May 27, 2011

Investing is like dieting

We all know how to lose weight and get in shape - take in less calories than your body requires for energy and walk / run / workout at least three times a week.  Easy right - at least in theory but our emotions stop us from doing the right things.  We eat junk late at night, don't eat enough fruit and vegetables and as for working out, I can always find something that must be done instead.

Investing is exactly the same in this regard.  Its all very easy on paper and in theory but much harder in the real world.

We are told to buy low and sell high.  The problem is that like dieting, our emotions take over and yes, that includes you :)  We buy a stock or a mutual fund that has been doing really well, it turns on us, goes down and we buy more (it can't go down any further, can it?) and then well, it goes down some more, argh.

We rationalize it as people do, I'll start dieting for real after the weekend or I bought that stock for the long term anyway.

I am no dieting expert but I have been around investing for thirty years so hear me out.  I have learned the hard way with my money and client money. Here is what I know to be true and how you can get off the investing treadmill and start making some money in the stock market.

  • buy index funds and etf's (not individual stocks or sector funds)
  • buy on a regular basis (you cannot time the market)
  • keep expenses super low (this is all you can really control)
  • fire your financial guy (this only adds to expenses)
  • hire the guy who cares the most about your money - YOU
  • invest with money you won't need for long time (invest long term)
With these simple tips you are likely to do much better in the future than you are now and as you can see, its a lot less time consuming and stressful too.

I love to coach people so feel free to contact me.  Remember I used to be a financial guy but am no more so I do not sell investments of any kind.  This is not advice, its education!

May 17, 2011

Why I won't invest in hedge funds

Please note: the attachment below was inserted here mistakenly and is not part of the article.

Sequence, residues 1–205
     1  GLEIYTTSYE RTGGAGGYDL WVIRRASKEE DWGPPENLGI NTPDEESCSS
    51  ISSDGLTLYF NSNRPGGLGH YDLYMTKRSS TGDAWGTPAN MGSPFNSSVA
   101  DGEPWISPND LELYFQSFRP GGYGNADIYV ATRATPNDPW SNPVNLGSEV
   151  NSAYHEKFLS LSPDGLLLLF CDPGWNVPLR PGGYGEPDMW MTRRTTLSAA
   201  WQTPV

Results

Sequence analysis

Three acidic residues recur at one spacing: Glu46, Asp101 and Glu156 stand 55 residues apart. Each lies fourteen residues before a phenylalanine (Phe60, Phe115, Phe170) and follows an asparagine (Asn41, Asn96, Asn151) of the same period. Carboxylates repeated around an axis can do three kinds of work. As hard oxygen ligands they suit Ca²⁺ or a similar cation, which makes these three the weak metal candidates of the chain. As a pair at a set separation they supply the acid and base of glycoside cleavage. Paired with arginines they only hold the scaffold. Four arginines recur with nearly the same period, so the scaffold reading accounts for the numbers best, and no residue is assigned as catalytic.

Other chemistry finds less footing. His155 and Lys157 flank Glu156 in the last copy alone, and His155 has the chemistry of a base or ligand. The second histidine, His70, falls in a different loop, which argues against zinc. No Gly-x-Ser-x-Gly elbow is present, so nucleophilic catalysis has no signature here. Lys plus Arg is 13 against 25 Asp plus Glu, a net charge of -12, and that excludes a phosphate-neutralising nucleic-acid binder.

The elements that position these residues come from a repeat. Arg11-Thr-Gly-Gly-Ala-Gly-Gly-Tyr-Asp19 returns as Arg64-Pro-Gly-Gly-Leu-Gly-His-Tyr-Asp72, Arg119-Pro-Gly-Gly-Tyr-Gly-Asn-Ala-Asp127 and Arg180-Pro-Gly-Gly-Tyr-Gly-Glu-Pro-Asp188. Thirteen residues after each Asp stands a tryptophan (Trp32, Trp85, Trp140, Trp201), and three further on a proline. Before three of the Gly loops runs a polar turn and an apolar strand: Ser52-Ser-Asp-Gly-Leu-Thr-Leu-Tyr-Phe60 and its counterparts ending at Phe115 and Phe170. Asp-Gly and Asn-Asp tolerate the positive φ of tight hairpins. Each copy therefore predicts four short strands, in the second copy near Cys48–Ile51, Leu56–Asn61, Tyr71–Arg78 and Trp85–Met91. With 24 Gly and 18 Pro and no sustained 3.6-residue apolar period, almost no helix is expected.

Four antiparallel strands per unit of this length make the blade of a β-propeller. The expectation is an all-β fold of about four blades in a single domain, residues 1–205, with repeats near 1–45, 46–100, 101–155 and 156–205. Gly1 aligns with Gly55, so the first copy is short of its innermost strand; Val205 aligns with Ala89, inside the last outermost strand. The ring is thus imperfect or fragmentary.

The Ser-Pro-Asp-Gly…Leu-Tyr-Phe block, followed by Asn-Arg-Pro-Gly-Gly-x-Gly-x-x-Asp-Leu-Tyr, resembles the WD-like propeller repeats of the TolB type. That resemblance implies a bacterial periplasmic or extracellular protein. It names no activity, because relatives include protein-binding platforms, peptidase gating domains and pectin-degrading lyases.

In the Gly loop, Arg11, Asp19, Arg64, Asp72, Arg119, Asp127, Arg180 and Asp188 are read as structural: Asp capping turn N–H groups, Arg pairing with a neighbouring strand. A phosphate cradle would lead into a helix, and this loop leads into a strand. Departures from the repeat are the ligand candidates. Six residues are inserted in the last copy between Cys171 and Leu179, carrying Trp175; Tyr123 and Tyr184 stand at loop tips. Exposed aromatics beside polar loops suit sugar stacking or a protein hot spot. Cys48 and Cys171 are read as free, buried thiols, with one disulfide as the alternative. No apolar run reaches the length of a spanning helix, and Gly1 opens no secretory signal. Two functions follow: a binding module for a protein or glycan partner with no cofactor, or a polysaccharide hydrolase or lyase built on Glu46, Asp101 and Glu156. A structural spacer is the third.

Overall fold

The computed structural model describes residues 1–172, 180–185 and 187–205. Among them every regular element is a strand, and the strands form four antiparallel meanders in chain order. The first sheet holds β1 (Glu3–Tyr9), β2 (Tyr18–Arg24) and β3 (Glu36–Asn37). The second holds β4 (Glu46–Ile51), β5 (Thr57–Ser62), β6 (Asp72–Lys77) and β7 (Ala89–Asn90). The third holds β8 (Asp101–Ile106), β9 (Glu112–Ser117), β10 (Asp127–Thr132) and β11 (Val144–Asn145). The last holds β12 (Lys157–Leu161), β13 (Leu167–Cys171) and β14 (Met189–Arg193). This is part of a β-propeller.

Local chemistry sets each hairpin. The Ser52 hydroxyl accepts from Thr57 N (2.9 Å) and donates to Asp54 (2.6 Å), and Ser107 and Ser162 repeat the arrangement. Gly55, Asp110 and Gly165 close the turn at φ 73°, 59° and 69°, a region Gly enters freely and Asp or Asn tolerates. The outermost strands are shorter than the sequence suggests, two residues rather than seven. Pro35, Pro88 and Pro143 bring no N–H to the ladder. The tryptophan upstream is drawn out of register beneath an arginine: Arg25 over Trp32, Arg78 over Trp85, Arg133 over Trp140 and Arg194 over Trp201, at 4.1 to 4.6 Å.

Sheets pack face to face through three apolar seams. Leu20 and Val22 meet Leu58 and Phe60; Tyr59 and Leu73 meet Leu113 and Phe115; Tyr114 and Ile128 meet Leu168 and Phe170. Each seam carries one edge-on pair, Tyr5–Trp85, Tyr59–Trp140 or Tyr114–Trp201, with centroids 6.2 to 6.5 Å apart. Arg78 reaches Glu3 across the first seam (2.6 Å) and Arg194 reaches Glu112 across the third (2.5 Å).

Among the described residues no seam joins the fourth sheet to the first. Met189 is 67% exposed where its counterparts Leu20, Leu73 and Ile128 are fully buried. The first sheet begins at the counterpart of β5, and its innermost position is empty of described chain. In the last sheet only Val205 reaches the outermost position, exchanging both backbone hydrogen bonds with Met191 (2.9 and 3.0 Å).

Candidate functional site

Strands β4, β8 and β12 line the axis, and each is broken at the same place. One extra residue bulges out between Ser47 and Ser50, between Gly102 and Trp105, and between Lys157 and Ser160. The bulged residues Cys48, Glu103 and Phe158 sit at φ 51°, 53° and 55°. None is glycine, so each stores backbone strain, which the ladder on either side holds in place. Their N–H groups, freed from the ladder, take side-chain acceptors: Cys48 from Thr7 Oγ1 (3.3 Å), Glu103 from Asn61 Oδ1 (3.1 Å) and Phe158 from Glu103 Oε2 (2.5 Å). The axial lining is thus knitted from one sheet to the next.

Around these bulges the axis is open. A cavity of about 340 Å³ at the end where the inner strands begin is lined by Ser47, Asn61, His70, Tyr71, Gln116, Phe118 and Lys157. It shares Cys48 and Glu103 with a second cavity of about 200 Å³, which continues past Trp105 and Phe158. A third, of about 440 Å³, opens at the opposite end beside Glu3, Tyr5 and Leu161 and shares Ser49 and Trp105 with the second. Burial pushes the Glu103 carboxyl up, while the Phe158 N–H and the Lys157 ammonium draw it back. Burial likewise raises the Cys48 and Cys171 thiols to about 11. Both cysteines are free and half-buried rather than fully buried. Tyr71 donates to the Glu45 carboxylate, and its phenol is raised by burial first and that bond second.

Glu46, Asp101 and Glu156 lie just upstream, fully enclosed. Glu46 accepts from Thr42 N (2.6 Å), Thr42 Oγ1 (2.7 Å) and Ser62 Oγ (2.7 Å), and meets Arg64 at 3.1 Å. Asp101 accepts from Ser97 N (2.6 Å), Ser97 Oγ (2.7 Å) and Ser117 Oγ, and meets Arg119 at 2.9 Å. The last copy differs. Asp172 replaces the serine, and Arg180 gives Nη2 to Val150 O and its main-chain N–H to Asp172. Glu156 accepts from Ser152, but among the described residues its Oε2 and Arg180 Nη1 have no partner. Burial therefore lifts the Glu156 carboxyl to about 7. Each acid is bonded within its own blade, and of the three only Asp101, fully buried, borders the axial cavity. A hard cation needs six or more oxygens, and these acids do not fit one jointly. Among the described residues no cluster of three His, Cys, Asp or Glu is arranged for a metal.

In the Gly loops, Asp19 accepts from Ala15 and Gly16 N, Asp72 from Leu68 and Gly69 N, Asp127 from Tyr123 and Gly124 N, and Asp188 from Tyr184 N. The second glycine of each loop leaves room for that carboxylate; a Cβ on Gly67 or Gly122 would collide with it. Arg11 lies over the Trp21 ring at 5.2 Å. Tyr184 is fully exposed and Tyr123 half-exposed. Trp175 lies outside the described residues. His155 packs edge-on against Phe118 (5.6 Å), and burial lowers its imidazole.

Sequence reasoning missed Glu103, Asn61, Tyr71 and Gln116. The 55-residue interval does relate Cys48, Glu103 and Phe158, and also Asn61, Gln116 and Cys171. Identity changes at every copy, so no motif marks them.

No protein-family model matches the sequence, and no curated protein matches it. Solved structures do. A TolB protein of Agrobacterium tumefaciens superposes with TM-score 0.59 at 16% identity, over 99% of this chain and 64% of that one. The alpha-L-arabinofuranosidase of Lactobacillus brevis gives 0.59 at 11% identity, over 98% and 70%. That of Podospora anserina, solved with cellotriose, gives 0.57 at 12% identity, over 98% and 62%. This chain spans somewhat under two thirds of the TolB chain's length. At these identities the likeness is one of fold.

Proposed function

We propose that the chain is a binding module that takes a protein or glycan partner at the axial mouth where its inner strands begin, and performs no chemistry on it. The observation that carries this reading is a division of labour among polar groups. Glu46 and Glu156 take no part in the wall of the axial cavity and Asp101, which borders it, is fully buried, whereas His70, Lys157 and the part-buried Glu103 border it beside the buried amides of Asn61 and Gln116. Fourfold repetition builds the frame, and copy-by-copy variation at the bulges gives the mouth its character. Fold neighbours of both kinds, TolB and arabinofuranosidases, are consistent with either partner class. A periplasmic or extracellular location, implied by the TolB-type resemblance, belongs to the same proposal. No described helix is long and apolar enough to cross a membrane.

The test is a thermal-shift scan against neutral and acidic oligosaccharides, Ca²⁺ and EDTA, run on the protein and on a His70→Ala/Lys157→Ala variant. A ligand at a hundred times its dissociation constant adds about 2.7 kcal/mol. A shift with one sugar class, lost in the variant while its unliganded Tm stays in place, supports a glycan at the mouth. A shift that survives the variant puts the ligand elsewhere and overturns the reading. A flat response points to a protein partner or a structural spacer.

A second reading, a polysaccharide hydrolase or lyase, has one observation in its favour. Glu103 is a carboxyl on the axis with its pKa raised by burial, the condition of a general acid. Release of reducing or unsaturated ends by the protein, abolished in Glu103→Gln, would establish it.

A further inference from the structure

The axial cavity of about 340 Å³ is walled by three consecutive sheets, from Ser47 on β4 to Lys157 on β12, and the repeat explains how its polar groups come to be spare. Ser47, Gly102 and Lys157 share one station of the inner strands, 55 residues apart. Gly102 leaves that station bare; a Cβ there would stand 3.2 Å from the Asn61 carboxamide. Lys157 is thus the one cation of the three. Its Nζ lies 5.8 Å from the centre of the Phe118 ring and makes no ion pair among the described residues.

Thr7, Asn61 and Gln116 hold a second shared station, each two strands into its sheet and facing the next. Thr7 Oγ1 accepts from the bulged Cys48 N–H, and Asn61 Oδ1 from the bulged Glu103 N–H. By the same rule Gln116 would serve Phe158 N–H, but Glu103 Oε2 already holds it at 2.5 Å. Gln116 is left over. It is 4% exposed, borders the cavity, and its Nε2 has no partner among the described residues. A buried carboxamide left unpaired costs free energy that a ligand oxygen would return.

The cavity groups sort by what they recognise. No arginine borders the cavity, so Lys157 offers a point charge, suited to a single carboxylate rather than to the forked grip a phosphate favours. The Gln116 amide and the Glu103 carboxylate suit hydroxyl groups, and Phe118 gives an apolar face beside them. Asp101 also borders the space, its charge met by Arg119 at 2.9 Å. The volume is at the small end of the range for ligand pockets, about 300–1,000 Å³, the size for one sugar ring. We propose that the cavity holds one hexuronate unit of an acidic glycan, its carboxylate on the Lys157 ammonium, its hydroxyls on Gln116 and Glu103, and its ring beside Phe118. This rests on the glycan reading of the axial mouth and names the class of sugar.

I rarely post something someone else wrote but when I can't do much better, it only makes sense and give credit where credit is due.  The following is from Brett Arends and MarketWatch.  As in Vegas, the percentages are never in your favor.  The rich and powerful of the hedge-fund world flew in here last week for a big confab.  Nearly 2,000 managers, investors, advisers and hangers-on took over the Bellagio for three days. George W. Bush stopped by. So did Colin Powell, TV historian Niall Ferguson, SAC billionaire Steve A. Cohen, and former British prime minister Gordon Brown.Hedge funds don't offer the returns that you might think, according to Brett Arends, who has some ideas on alternatives. He talks with Stacey Delo.I didn’t make the poolside party on the first night, but it must have been quite an event. People looked pretty wobbly the next morning.For all the big-name plenary sessions in the grand ballroom, the real action took place in side rooms, where investors and money managers talked dollars. Investors came in droves to meet new funds and try to find the manager who’s going to make them rich.I wish them luck. But as I mingled with the money mavens, I did some thinking.Your typical fund manager takes 2% of your money off the top each year, just for showing up. Then he takes 20% of your profits — if any.So your returns are going to be net of these costs. They’re also net of any trading costs. To beat a basic index fund, a hedge fund has got to earn a lot more.How much more? Do the math. According to data from the New York University’s Stern school of business, over the past 80 or so years U.S. stocks have produced an average annualized return of 9.3%, and bonds 5%. So a portfolio of, say, two-thirds stocks, one-third bonds, would have earned an average return of about 7.9% a year.Over an investment horizon of about 30 years, that’s enough to turn an initial stake of $1,000 into $9,800.But after 2%-and-20% fees, you’d only keep 4.7% a year (It would probably be even less, because profits are uneven, and in a down year the manager doesn’t hand back 20% of the losses).At that rate, you’d only finish with $4,000. In other words, the manager would have eaten two-thirds of your profits!But that’s not a fair comparison, say the fund managers, because we’ll earn a higher investment return than the market.OK, some will. But how much more?If the market on its own earns 7.9% a year, a hedge fund with a 2%-and-20% fee structure has to earn 11.85%, gross, just to keep up.In other words it has to earn 50% more than the market each year. How likely is that?In these days of lower nominal returns, the challenge is even greater.And how much more do hedge funds really earn anyway?Some studies in the past have put the figure as high as 3% to 5% a year.But research just published in the Journal of Financial Economics blows this out of the water.Professor Ilia Dichev at Emory University and Gwen Yu at Harvard Business School studied investors’ returns for nearly 11,000 hedge funds over 28 years, from 1980 to 2008.Will Raj Rajaratnam's guilty verdict affect the hedge-fund managers? White & Case partner Greg Little weighs in on the legal implications of the ruling in the Galleon insider-trading case and what it could mean for the industry.Their main finding: Actual “dollar-weighted returns” — in other words, what investors really earned — were far lower than previously thought. That’s because we only tend to hear about the funds that do well. And because investors typically jumped into the good funds just after they had done well (and got out again after they had done badly).Over the entire period, they found, hedge funds appeared to earn an average return of 12.6% a year. But investors really only made about 6%. That, they note, was a lot less even than the 10.9% you could have earned in the Standard & Poor’s 500 stock index over the same period. Indeed it wasn’t that much more than the 5.6% your grandma earned in U.S. government bonds. They also found that the volatility of returns was greater.In other words, hedge-fund outperformance was largely a myth. And “the risk-return trade-off for hedge fund investors is much worse than previously thought,” they say.And here’s a final thought from Sin City.If a benchmark portfolio earns a typical 7.9% a year, then a hedge fund manager charging 2%-and-20% basically skims 3.2% of your money each year. As I listened to George Bush wow the audience, it occurred to me that the casino just down the corridor only took 2.7% on the spin of a roulette wheel. And if you played craps or blackjack, the house’s take is under 1%.Next year, the Vegas casino operators should hold their annual conference in Greenwich, Conn., the house of the hedge funds. They could learn a thing or two from these guys.